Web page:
Thin Content – Short Conceptual Explanation

Thin content includes all Internet content that doesn’t provide value to readers. Pages with this type of content may include duplicate content, automatically generated content, or scraped content. It can also include certain pages, like search results pages, as well as thin category pages, nearly identical URL pages, and mobile pages that are set up incorrectly. Thin content can be a problem for websites because it can affect the site’s ranking on search engines, like Google.

Types of thin content

There are many different types of thin content, and some are more obvious than others. For example, it is fairly obvious that copied and pasted content from an interior or exterior page of a website would be considered thin. Automatically generated content is also considered thin, as it’s usually generated by a program to manipulate search rankings without providing valuable information to users.

However, there are also types of thin content that aren’t as obvious. A few other examples include:

  • Search results pages that are indexed
  • Photo and video gallery pages that are indexed
  • Review pages that are indexed
  • Having several variations of the same URL
  • Session IDs that are used in URLs as parameters
  • Category pages with just one or two items of information
  • Insignificant product variation pages, like separate pages for different colors
  • Site copies used during development that aren’t properly blocked
  • Mobile sites that are set up improperly
  • Incorrect use of geo-targeting for sites targeting different locations

Length is an important consideration when creating content, but it is not necessarily an indication of poor content. However, longer is better. A 1,000-word blog article has a much smaller chance of being considered thin by search engines than a 300-word blog article.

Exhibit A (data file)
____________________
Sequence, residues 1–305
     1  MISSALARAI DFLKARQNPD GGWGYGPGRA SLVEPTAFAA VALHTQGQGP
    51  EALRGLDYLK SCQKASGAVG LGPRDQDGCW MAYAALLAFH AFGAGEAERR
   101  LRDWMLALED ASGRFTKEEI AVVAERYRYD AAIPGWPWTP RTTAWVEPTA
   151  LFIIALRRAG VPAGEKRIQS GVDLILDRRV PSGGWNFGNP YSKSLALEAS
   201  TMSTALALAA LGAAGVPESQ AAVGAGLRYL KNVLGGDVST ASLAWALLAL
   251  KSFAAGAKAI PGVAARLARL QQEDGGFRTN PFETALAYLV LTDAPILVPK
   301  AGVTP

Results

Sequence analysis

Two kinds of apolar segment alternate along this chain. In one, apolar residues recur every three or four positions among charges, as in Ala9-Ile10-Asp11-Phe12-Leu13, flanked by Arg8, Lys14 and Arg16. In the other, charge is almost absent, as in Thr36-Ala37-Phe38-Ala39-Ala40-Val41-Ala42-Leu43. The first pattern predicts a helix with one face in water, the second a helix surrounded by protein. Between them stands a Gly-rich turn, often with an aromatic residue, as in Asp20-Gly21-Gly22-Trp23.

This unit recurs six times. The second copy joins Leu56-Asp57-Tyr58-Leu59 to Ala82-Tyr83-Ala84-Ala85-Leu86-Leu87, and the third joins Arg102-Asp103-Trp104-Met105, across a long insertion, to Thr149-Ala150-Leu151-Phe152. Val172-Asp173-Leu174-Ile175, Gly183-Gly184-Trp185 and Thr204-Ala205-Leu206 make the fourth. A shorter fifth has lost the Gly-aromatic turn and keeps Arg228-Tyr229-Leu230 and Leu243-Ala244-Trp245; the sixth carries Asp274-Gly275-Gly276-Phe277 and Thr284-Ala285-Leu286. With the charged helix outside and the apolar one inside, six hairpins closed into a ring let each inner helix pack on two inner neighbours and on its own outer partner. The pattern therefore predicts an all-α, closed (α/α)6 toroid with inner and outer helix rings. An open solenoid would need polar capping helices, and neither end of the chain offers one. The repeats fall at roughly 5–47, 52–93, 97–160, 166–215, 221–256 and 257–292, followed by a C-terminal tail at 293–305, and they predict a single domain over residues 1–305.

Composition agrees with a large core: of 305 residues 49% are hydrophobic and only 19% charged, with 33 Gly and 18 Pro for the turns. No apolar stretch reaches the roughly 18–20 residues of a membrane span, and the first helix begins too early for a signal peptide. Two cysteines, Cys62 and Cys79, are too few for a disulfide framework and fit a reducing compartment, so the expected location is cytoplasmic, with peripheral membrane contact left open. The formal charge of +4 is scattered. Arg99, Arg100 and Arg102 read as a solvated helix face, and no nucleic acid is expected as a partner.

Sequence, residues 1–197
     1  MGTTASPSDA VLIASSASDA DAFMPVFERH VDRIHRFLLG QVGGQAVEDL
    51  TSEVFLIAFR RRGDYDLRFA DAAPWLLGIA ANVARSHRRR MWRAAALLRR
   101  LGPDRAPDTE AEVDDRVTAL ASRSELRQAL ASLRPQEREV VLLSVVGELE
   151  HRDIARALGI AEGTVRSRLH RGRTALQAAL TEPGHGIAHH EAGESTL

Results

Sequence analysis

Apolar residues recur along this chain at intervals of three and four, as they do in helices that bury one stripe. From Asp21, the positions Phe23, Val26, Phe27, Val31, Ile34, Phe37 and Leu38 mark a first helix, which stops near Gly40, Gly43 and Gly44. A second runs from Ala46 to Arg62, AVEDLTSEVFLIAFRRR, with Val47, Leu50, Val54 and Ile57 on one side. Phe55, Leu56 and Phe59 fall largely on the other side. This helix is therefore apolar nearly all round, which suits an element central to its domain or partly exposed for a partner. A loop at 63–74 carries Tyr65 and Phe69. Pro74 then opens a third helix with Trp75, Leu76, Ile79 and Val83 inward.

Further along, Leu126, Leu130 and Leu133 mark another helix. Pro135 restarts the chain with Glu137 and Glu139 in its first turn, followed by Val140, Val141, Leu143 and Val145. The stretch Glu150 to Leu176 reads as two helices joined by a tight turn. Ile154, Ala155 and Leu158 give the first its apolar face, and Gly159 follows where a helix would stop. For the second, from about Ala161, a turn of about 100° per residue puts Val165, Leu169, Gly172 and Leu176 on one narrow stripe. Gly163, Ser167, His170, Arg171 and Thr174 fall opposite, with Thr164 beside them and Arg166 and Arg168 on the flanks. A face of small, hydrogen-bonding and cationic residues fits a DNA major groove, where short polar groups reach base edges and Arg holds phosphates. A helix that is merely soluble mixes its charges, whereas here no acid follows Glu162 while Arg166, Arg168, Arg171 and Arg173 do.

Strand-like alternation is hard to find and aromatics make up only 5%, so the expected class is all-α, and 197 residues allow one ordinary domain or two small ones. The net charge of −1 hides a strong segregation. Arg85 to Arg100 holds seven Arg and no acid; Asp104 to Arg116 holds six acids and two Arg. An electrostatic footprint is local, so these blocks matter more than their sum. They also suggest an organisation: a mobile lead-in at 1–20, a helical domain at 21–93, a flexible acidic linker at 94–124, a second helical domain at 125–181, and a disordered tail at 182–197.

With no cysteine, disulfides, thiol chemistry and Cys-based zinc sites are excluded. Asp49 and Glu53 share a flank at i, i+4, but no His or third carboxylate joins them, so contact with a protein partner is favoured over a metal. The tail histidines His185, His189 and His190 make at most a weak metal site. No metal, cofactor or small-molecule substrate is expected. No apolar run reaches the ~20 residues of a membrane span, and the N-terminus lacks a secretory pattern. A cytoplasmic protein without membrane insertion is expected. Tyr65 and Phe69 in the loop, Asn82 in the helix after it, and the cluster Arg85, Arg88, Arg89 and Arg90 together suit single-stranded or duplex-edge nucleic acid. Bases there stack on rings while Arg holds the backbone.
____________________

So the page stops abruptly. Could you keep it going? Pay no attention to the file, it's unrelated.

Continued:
Why thin content is bad

Avoiding thin content is important because Google punishes content on websites that don’t offer value to users. Rankings can plummet and websites can be punished by not showing up on search engine results pages.

There are multiple ways Google can determine if the content on a website is thin. It is fairly easy to determine if the content on a site has been duplicated or scraped, but they can also determine how much time visitors spend on a particular site before clicking back to the search results page to try a different result.

Google sometimes sends messages regarding low-quality pages on a site. However, they don’t always, so it’s important to watch the performance of the website and its SEO ranking closely.


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Addressing thin content

When creating content for a web page, it’s important that the content is unique and provides real value to users. That includes answering questions as well as providing information. It should also match the other information that Google uses to determine the content on a page. The content on the page should be relevant to its URL, meta information, and page title.

It is also important to track analytic information regarding the website to see how well it is performing. Catching duplicate URLs and improperly indexed pages can be difficult, but keeping an eye on analytics can catch a thin content problem that otherwise may not be obvious.